B cell central deletion occurs at what B-cell stage? (What cell surface molecules are present)
Sm IgM+/IgD-
What is the difference in self-recognition in the central tolerance of B-cells and T-cells?
Clonal deletion of B-cells require the recognition of intact self antigens whereas T-cells recognize soluble self antigens.
What dose of antigen is required to induce peripheral tolerance in B cells? in T cells?
Low dose in T cells
High dose in B-cells.

Both require costimulatory signals.
Development of tolerance occurs during what stage of development?
During embryonic stage, but can still occur throughout life.
Injection of modest levels of antigen during what stage of development can induce tolerance?
Injection of modest amounts of antigen into the fetal or neonatal stage.
Can tolerance occur after embryoni development?
If the antigen is removed after the primary deletion of B-cells and T-cells, can there still be an immune response to the antigen?
Yes, since the bone marrow and Thymus still produce new cells which can create a new cell against the antigen.
State different cases of immune tolerance vs B-cell response when injecting mice with certain doses. Secondary injections
Low dose: T-cell tolerance
High dose: B-cell tolerance

Secondary injection of antigen causes immune tolerance in B and T cells.
Wheras low dose and secondary injection causes solely tolerance in T cells. B cells can still be activated.
Once the antigen (which induced tolerance) is degraded, which cells are the first to be reactivated ?
Mature B cells (2 months)-->Immature B cells--> T-cells (150+ days)
Tolerance can be targetted to a specific branch of the immune system. Explain this.
Tolerance can be induced in specific areas of the human body. In mucosal tissues, tolerance can be induced in IgE B-cells.
What is the optimal immunogenic dose?
100 micrograms.
What is the low dose Zone?
10-1000 nanograms will cause T-cells to become anergic and B-cells will remain normal.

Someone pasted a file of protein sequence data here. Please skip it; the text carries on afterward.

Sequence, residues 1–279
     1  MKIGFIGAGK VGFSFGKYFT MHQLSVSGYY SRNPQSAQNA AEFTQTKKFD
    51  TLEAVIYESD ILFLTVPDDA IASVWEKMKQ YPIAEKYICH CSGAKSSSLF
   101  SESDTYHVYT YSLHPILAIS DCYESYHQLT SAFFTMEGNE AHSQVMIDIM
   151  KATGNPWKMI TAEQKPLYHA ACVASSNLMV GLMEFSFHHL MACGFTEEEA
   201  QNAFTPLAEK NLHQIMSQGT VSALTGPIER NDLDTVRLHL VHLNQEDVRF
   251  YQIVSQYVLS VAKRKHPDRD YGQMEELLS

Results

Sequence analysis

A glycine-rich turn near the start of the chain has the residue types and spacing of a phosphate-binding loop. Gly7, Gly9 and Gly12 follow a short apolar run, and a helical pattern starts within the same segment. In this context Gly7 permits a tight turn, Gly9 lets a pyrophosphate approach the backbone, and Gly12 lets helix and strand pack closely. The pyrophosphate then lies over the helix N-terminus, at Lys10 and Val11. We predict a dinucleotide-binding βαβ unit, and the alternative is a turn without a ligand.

High Dose Zone:
1-100 mg will cause both B and T cells to become anergic.
Form of tolerance in adults can be obtained using what type of antigen?
Purified protein with naturally low immunogenicity.
Activation of the Th2 cells lead to? (3 cascade)
The production of IgA that may block the activation of Th1 cells or activate T-regulatory cells.
What reduces the severity of autoimmune diseases?
Immunization via mucosal tissues.
Interferon gamma is secreted by what cell? and inhibits what cell?
Secreted by Th1 and suppresses Th2 proliferation.
IL-10 is secreted by which cell? and inhibits what activity?
Secreted by Th2 and inhibits INF gamma production.
How is tolerance broken? (6 methods)
1)- Activation of autoimmunity
2)- Cytokine dysregultion
3)- Thymic escape of forbidden T cell clones
4)- T cell activation to cross-reactive bacteria
5)- Failure of normal or negative feedback
6)- Autoreactive B cell activation to cytokines
How do Th-cell regulate tolerance?
Only when Th2 cell recognize self-antigen does it release cytokines for B cells to mature and mount an immune response.
Breaking Tc-Cell tolerance and B-cell tolerance requires what two types of cells? What do these cells accomplish?
The Tc-cell requires activation of Th-1 cells through crossreactive antigens being presented by APCs.

B-cell requires Th-2 cells to be similarly primed.
Type 1 diabetes versus type 2 diabetes.
Type 1: Adult onset diabetes, less production in the pancreas, and insulin resistnace.

Type 2: Juvenile diabetes, virus targets pancreatic cells producing insulin.
Local production of Th1 cytokines.

Which cytokine is produced? How is it produced?
Where is it produced?
What does it affect?
INF-gamma is secreted by pancreas since the INF gamma gene is attached to Insulin promoter.

Causes activation of Th1 and thus an autoimmune cell-mediated response.
INF-gamma causes what type of local reponse?
Inflammatory rsponse.